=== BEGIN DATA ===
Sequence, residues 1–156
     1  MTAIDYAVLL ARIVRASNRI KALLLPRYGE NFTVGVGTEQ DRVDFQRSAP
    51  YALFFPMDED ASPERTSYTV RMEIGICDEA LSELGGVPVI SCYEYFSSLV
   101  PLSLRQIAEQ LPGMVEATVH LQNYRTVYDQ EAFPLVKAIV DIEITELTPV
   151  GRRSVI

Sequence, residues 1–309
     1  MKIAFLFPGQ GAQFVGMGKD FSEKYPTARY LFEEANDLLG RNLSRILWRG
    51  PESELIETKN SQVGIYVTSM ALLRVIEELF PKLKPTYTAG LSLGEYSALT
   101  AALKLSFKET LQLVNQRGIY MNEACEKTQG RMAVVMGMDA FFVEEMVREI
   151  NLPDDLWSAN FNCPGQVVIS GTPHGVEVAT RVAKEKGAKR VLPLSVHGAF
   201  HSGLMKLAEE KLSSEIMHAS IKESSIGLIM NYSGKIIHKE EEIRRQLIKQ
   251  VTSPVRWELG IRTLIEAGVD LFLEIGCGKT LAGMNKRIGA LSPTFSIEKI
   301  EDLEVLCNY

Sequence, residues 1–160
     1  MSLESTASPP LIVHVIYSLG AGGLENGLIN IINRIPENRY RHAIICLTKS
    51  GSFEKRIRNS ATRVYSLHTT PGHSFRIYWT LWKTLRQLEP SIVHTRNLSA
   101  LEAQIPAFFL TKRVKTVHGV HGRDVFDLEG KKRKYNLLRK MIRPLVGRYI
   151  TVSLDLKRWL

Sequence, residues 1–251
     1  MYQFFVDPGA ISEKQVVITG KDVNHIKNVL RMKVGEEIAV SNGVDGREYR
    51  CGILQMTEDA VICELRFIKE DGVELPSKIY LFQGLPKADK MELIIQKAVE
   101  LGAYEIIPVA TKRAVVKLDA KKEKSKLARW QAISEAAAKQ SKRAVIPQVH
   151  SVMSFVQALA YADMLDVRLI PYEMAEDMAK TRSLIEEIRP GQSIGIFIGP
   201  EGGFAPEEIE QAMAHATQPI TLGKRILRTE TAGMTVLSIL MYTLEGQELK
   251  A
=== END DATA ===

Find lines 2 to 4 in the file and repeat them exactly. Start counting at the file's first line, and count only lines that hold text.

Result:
     1  MTAIDYAVLL ARIVRASNRI KALLLPRYGE NFTVGVGTEQ DRVDFQRSAP
    51  YALFFPMDED ASPERTSYTV RMEIGICDEA LSELGGVPVI SCYEYFSSLV
   101  PLSLRQIAEQ LPGMVEATVH LQNYRTVYDQ EAFPLVKAIV DIEITELTPV